Increasing taxes on vaping products could be part of a comprehensive approach to tackling the issue, particularly among teens and youths.
Alyssa Bedard, community health promoter at the North Bay Parry Sound District Health Unit, says evidence has shown that higher prices from increased taxes “can be an effective strategy” in reducing smoking among both teens and adults.
But, Bedard says, that should only be part of a battle that includes a ban on flavoured vaping products, a ban on promotions, limiting the amount of nicotine available and “strong health warnings” such as those on tobacco products.
The Heart and Stroke Foundation of Canada is arguing for increased taxes on vaping products that would combat rising use among teenagers and create a revenue stream to tackle the costs of addiction.
The foundation has asked Premier Doug Ford’s government to include a tax hike between 20 and 30 per cent in its spring budget.
The group’s senior manager of public affairs says a higher cost would make the addictive products unaffordable for teenagers while still allowing adults to use them to quit smoking.
While research into vaping is still in the early stages, Liz Scanlon says decades of tobacco control studies have shown that taxation is a key tool to keep the products out of the hands of teens.
“When it comes to cigarette taxes, the research is there to demonstrate that kids are … more likely to cut back or quit when prices go up,” she says.
On a national level, Bedard says there has been “a significant increase in youth vaping,” the rate doubling between the 2016-17 school year and the 2018-19 school year.
In the most recent school year, according to the Canadian Student Tobacco, Alcohol and Drugs Survey, 20 per cent of students in grades 7 to 12 admitted to using vaping products within the previous 30 days.
About 90 per cent of them, she says, used vaping products containing nicotine.
“That is concerning,” Bedard says.
Nicotine “affects teen brains” that are still developing, such that they can become addicted to nicotine at lower levels than adults. It also affects teens’ memory and concentration, possibly resulting in cognition and behavioural issues.
It also can encourage some non-smokers to take up the smoking habit, she warns.
“If someone doesn’t smoke, they shouldn’t start vaping,” Bedard says.
“It’s not harmless. If you don’t smoke, don’t start vaping.”
According to the Canadian Student Tobacco, Alcohol and Drugs Survey, three per cent of students in grades 7 to 12 were cigarette smokers in 2018-19, with the trend decreasing over time from almost 30 per cent in 1999.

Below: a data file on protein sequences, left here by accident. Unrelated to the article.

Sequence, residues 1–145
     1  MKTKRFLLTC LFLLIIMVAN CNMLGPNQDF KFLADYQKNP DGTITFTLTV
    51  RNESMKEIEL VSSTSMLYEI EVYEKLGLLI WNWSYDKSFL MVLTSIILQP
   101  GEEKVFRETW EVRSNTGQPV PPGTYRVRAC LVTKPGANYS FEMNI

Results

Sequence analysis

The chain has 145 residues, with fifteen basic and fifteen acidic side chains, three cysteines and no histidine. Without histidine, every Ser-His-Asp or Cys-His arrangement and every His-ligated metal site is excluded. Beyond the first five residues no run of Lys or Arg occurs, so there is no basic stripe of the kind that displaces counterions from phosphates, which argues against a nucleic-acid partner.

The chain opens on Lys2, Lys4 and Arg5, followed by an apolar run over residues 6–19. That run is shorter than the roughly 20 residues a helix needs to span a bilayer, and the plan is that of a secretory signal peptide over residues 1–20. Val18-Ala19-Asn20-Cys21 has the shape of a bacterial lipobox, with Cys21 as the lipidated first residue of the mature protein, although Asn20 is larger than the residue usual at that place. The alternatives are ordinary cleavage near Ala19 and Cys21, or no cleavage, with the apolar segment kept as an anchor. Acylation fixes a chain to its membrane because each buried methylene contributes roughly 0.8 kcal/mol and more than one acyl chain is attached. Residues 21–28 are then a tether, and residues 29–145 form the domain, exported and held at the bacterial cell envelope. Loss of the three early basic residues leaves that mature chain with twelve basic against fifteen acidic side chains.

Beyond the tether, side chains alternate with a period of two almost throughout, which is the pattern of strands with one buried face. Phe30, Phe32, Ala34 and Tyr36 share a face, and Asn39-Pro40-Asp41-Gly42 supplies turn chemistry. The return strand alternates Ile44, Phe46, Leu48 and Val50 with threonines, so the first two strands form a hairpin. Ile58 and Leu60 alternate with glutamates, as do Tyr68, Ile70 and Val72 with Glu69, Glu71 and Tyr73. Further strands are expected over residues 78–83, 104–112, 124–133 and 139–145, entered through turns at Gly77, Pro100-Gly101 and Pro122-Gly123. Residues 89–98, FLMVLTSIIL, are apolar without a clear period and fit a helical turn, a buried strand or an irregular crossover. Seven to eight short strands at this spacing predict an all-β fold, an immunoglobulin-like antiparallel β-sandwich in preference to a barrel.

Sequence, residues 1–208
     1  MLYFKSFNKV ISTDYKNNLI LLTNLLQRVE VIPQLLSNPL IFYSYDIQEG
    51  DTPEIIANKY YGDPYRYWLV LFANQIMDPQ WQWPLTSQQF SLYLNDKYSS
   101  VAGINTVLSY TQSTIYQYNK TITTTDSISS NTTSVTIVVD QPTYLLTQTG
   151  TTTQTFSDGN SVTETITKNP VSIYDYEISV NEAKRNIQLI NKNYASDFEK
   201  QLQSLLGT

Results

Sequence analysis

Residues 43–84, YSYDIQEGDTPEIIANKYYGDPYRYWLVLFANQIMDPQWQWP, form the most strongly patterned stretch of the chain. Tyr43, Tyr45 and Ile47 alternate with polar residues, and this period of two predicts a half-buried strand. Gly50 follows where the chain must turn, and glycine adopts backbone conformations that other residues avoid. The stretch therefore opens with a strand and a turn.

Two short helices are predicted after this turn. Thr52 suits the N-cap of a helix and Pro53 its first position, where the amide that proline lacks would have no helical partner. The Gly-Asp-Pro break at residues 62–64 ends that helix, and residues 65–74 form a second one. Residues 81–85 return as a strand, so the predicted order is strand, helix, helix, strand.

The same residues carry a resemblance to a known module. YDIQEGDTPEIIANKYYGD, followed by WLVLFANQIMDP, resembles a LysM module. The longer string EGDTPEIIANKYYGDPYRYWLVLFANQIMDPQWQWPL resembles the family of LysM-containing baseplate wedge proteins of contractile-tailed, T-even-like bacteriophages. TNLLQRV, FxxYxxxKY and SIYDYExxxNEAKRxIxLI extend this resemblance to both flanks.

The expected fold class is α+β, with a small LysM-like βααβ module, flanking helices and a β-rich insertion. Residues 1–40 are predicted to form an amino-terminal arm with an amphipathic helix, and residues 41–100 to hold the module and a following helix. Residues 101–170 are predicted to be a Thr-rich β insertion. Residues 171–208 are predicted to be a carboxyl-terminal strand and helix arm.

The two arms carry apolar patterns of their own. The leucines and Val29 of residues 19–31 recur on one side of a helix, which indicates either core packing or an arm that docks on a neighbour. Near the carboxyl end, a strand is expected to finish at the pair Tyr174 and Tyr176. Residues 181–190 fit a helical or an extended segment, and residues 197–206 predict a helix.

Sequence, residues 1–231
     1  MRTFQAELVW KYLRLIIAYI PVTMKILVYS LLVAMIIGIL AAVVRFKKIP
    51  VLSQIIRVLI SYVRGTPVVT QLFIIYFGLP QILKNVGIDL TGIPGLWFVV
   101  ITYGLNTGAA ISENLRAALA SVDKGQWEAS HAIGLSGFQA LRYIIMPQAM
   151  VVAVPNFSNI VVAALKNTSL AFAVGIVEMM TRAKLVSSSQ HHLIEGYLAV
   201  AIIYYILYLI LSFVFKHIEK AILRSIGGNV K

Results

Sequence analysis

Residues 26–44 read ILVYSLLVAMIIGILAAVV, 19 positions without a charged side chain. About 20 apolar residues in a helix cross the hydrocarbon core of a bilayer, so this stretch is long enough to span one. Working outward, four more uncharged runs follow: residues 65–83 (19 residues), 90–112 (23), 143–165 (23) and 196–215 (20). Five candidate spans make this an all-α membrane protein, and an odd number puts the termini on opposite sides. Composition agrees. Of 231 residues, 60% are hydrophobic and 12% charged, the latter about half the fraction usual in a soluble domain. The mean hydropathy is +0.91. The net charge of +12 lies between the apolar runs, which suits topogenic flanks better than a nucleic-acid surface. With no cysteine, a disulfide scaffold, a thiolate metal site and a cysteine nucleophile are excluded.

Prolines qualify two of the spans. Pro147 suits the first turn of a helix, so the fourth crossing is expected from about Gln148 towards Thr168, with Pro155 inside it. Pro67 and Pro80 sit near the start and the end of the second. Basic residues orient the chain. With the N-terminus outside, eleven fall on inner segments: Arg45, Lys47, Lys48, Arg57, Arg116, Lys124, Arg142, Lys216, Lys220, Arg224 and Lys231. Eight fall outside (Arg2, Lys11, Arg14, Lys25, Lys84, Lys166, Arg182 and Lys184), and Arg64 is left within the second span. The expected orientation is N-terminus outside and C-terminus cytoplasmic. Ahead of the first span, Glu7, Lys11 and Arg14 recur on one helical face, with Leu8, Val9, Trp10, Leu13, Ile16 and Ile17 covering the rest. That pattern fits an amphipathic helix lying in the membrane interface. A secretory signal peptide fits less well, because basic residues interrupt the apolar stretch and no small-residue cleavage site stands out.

In the 2014-15 school year, the proportion of students in the health unit’s region who reported using cigarettes in the previous year was 12.6 per cent, higher than the provincial average of 8.6 per cent.
Ontario’s health minister has said she is growing increasingly concerned about the jump in youth vaping rates and has promised to announce further government action before the end of the month.
Christine Elliott says the government is considering a ban on flavoured vapes, as well as examining the nicotine content in the products and where they should be sold.
A provincial ban on in-store promotion of vapour products in gas bars and convenience stores came into effect on Jan. 1.
Three provinces — British Columbia, Alberta, and Prince Edward Island — have recently proposed or passed legislation to tax vape products.
When asked about the foundation’s proposal, a spokeswoman for the Ministry of Finance said the government “does not speculate about taxation policy.”
Scanlon says the group is aware of the government’s fiscal challenges — and its pledge to eliminate Ontario’s $7.4-billion deficit — and that the tax could also create a stream of revenue to pay for vaping’s impacts on the health-care system.
“We don’t have really good cessation programs for vaping,” she admits. “There isn’t a lot of public education coming out right now. There isn’t a lot of prevention programming. Enforcement is a huge issue. There are lots of areas where addressing this is going to involve spending some money.”
Vaping proponents defend the product as a safer alternative to smoking that can help people quit the habit. Some have also expressed concern that hiking taxes could create a black market for the products.
“We certainly can’t make these products more expensive than cigarettes,” Scanlon says. “That’s not our aim from a policy perspective.”
With files from The Canadian Press